11)On the heels of the now hotel quarantine free shift in Hong Kong for incoming visitors (although more needs to be done to allow them to go out to bars and restaurants immediately instead of waiting 3 days), tour groups from mainland China can now finally visit Macau again. Another step to a broader China reopening we all must hope for, for the sake of the global economy.
1)The August headline PCE inflation figure was up .3% m/o/m, 2 tenths more than expected and after a one tenth drop in July. The core rate was up by .6% m/o/m, one tenth more than expected but July was revised down by one tenth to flat so call it a push at the core level. Versus last year, core PCE was up by 4.9% after a 4.7% rise in July. Energy prices fell by 5.5 m/o/m while food prices rose another .8%.
2)The Chicago manufacturing September PMI posted a below 50 print of 45.7. That was down from 52.2 in August and well below the estimate of 51.8.
3)The manufacturing index from the Dallas Fed fell to -17.2 from -12.9. The estimate was -9. It’s negative for a 5th straight month.
4)The final September UoM consumer confidence index was 58.6 vs the initial read of 59.5 and vs 58.2 in August. One yr inflation expectations were 4.7% vs 4.6% initially and from 4.8% in August. The longer term 5-10 yr forecast was 2.7% vs 2.8% a few weeks ago and down 2 tenths from last month. On this, the UoM said “uncertainty over these expectations remained high, particularly given the mixed signals on prices, with energy prices falling and food prices rising.” Employment expectations rose 2 pts m/o/m but the income component fell by 6 pts. The mean % of those ‘Expecting Family Income Will Beat Inflation Over Next 5 years” was 34.1% vs 35.1% in August and vs 31.5% in June. With respect to spending intentions, they rose 1 pt each for auto’s and a house and by 4 pts for a major household item. The bottom line from the UoM, “Even with tentative improvement in inflation expectations, consumer sentiment remains low by historic standards. Trends are consistent with a recession to come, particularly as developments overseas generate further downside risk to the economy…About 42% of consumers – lower income and higher income alike – continued to cite high prices eroding their living standards, down from a peak of 49% in July but more than double the 18% reading from a year ago.” The labor market continues to be the bright spot as “consumers reported little change in their outlook.”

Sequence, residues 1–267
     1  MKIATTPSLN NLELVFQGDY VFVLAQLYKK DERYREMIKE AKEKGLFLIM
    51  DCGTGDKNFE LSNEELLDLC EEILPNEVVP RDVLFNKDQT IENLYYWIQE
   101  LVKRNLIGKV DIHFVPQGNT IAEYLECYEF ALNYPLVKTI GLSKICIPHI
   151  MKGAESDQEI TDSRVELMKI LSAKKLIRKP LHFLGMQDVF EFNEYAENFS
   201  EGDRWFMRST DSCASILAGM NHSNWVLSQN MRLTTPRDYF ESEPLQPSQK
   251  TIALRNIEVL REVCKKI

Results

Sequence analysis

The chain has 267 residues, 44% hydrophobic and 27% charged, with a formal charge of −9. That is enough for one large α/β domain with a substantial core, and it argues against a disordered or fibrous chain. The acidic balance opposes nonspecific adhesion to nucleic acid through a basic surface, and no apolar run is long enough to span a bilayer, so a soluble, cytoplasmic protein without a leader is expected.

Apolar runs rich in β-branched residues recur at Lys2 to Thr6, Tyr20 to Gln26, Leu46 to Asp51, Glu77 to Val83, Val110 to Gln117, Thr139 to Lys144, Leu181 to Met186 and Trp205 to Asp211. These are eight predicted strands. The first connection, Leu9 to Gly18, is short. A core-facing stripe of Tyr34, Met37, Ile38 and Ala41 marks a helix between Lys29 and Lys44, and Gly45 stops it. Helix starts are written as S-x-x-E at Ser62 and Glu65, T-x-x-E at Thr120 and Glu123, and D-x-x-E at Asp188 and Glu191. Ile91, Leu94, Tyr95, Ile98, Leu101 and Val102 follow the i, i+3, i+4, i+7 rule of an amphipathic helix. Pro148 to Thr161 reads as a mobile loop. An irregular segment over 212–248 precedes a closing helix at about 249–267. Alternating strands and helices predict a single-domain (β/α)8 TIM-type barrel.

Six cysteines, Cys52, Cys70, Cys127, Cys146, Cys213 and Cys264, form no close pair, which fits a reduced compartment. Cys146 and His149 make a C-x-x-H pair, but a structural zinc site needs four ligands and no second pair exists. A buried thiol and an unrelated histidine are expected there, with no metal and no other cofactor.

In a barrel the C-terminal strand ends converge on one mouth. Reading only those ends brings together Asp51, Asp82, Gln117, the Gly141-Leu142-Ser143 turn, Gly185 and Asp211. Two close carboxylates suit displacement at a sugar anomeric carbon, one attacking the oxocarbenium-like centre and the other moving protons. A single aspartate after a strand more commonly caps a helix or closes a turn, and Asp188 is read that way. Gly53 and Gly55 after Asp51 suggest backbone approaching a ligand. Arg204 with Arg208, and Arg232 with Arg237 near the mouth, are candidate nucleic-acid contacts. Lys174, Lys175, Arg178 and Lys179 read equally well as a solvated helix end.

5)With a further rise in the average 30 yr mortgage rate to 6.52%, refi’s fell 10.9% w/o/w and are down by 84% y/o/y. Purchases held in, down just .4% w/o/w but still weaker by 29% y/o/y.
6)Pending home sales in August fell 2% m/o/m, more than the estimate of down .5% but mostly offset by a 4 tenths upward revision to July.
7)China’s September state sector weighted PMI fell to 50.9 from 51.7 but the components were mixed. Services fell while manufacturing got back above 50.
8)The private sector Caixin manufacturing PMI weakened further to 48.1 from 49.5 in contrast to the above. Caixin said “A key factor driving the headline index lower was a faster fall in new orders during September. New business fell for the 2nd month in a row, and at the quickest rate since April, with panel members often commenting that restrictions around travel and operations had dampened customer demand. Foreign sales also fell again, and at a solid rate that was the fastest for four months.” Also, “Concerns over potential repeated outbreaks of Covid and the prolonged use of containment measures weighed on optimism towards future output. Notably, the level of positive sentiment slipped to its lowest since November 2019.”
9)Vietnam said its September exports rose 10.3% y/o/y but that was well below the estimate of up 18%. Imports grew by 6.4%, about half the forecast. Their economy as a whole rose by 13.7% y/o/y in Q3, just under the estimate of 14.4% and helped by manufacturing which was up 13% y/o/y. Their statistics office said “Production and business activities grew strongly. Many industries have recovered strongly and achieved higher growth even compared to the time before the Covid-19 pandemic.”
10)In Europe, September inflation rose to 10% on the dot, up from 9.1% in August and that was 3 tenths more than expected. The core rate accelerated to a 4.8% increase from 4.3% last month and that was one tenth more than forecasted.
11)The September EC Economic Confidence index fell to 93.7 from 97.3 and that was below the estimate of 95. Manufacturing fell below zero and there was further softening in services, consumer, retail and construction confidence.
12)The September German IFO business confidence index fell to 84.3 from 88.6 and that was well below the estimate of 87. The current assessment fell 3 pts m/o/m and the Expectations component was down by 5.3 pts to 75.2. The IFO said succinctly, “Sentiment in the German economy has deteriorated considerably…The German economy is slipping into recession.”
13)Consumer confidence in Germany and France weakened further as it did in Italy.
14)Liability Driven Investments almost blow up many UK pension funds resulting in the Bank of England to come in and indirectly bail them out.